Foreign Language Learning Tips

Matt & Annalee, tutors at Homeworks for Students, offer their advice for gaining fluency of a foreign language.

Intensity of study trumps length of study

Immersion is possible outside of the native country of a foreign language when it is prioritized and scheduled. Being immersed 30 minutes a day, or even every other day, are like heavy work-outs for your language skills. Studying languages over a long period of time only matters if the intensity increases as you learn.

Create your own pocket dictionary

Use a journal type notebook and label it like a dictionary with alphabetical headings. Carry it everywhere and write down words that you hear or don’t know. Later, at home, look up the definition or better yet, ask a friend, teacher or tutor what it meant. Writing it down in your own ‘pocket dictionary’ helps acquire the meaning with the added bonus of referring back to it.

There will be a lot of ambiguity and miscommunication

Learning a language is a full contact sport, you will make a lot of mistakes but grow after every conversation. If you stick to the simple vocabulary and grammar that you know, you will get stuck in a linguistic rut. It’s important to get comfortable with miscommunication, and even more important to give yourself credit every time you learn something new.

Acquiring a new language is like figuring out your identity in that language, and the only way to learn is by interacting with others. Learning a foreign language requires embracing your errors, laughing at the funny ones, and learning from the ones you repeat.

Find a language learning partner

The beauty of language is that it lives in conversations and connections, and that no matter your language ability, you are expanding your knowledge of key vocabulary and grammar every time you flex your speaking and listening muscles. This requires finding a speaking partner, preferably one with better language skills than you. In the process of making conversations, listening to new ideas, or figuring out how to communicate thoughts, students push themselves further into the direction of being able to navigate the world in their new language!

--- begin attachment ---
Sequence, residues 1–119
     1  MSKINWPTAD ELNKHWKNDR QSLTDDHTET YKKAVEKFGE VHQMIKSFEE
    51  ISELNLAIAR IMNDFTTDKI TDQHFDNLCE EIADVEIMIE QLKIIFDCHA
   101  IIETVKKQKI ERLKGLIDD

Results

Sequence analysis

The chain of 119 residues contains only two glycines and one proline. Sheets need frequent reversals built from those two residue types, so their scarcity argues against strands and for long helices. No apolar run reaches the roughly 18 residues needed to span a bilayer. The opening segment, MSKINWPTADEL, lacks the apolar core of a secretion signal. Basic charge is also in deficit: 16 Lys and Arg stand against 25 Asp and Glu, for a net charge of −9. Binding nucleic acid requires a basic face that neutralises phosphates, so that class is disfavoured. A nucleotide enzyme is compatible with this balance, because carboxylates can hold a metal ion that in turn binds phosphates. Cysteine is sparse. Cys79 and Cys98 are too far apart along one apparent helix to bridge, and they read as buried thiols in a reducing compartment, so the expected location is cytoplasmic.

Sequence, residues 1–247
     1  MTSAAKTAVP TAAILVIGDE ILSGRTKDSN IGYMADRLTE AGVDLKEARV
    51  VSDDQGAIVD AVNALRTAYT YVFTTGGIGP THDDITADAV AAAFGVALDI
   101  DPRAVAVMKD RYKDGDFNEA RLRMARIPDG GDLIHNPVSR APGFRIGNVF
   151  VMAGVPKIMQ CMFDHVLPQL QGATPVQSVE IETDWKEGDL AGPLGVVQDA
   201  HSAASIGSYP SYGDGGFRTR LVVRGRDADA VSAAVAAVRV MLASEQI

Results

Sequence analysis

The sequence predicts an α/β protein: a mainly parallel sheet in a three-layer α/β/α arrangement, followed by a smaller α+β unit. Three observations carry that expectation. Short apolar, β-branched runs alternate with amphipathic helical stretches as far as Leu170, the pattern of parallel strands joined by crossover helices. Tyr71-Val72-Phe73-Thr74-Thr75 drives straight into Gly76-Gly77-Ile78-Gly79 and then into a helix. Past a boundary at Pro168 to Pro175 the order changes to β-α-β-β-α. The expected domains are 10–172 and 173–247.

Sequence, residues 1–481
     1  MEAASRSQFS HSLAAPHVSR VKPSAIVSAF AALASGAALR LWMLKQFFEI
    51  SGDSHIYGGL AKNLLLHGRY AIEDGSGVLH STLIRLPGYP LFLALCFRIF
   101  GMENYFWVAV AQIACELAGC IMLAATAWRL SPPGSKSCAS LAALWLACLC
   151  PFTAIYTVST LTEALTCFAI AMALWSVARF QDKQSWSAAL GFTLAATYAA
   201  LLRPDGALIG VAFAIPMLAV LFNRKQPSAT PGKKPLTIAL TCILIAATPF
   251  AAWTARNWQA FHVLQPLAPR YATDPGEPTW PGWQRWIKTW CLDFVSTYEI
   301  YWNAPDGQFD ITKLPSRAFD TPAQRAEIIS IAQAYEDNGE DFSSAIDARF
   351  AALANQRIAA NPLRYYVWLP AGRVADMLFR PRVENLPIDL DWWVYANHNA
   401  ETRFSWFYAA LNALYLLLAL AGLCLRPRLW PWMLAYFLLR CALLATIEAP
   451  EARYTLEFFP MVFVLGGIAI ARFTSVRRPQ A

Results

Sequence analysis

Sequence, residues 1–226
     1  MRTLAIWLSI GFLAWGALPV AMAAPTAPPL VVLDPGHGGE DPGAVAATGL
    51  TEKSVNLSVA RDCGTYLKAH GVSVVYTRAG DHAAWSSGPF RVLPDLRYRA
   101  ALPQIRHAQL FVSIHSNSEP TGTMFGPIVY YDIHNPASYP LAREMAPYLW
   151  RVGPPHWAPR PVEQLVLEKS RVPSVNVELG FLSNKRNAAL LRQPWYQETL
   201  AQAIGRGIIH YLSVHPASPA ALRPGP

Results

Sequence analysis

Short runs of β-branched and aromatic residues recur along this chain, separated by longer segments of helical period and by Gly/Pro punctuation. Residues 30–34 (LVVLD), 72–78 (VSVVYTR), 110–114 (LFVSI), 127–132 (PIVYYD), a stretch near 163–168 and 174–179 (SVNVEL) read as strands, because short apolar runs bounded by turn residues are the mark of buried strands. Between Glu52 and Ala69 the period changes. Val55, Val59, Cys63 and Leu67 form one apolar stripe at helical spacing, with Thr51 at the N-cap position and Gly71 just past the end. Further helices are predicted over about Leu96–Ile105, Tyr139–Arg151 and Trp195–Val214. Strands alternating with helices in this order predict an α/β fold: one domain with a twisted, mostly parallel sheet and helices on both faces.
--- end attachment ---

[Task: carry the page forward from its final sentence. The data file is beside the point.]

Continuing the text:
Finally, find a way to make it fun

As is the case for all great things in life, learning a language can be hard and you’re less likely to stick with it if you don’t make it fun. Conversations, art, food, music, hobbies (whatever it is that matters to you) should be involved it in your language learning experience. We are all a Spanish cookbook or a German poem away from doing something we love through the lens of the language we are learning.

Ready, write, study, speak and go explore the world!

Foreign Language Tutor Spotlight:

Annalee has a MA in Hispanic Linguistics from the University of Illinois at Chicago, where she taught undergraduate level Spanish. During her undergrad, she studied abroad in Ecuador, Argentina, and Mexico. After her first study abroad, Annalee was hooked on the goofiness involved in complete immersion, and loved the sense of achievement that came with developing the ability to communicate in a new culture. Before earning her MA, she lived in Argentina for 1.5 years and worked with the Minneapolis Public Schools as a Bilingual Associate Educator.

Matt is a licensed k-12 Spanish teacher. He enjoys watching students explore the Spanish language and find their own methods that most help them grow their speaking abilities. Matt lived in Spain for a year, and had the opportunity to teach elementary English. Returning to the U.S. Matt taught Spanish at Highland Senior for 2 years until 2014 when his teaching career led him to develop a passion for working with students with special needs. Matt is currently a Special Educational paraprofessional at the charter school, SPCPA, in St. Paul. When he’s not nerding out about the langue learning process or helping students finish their homework, he can be found outdoors enjoying a book, a good hike, or camping.

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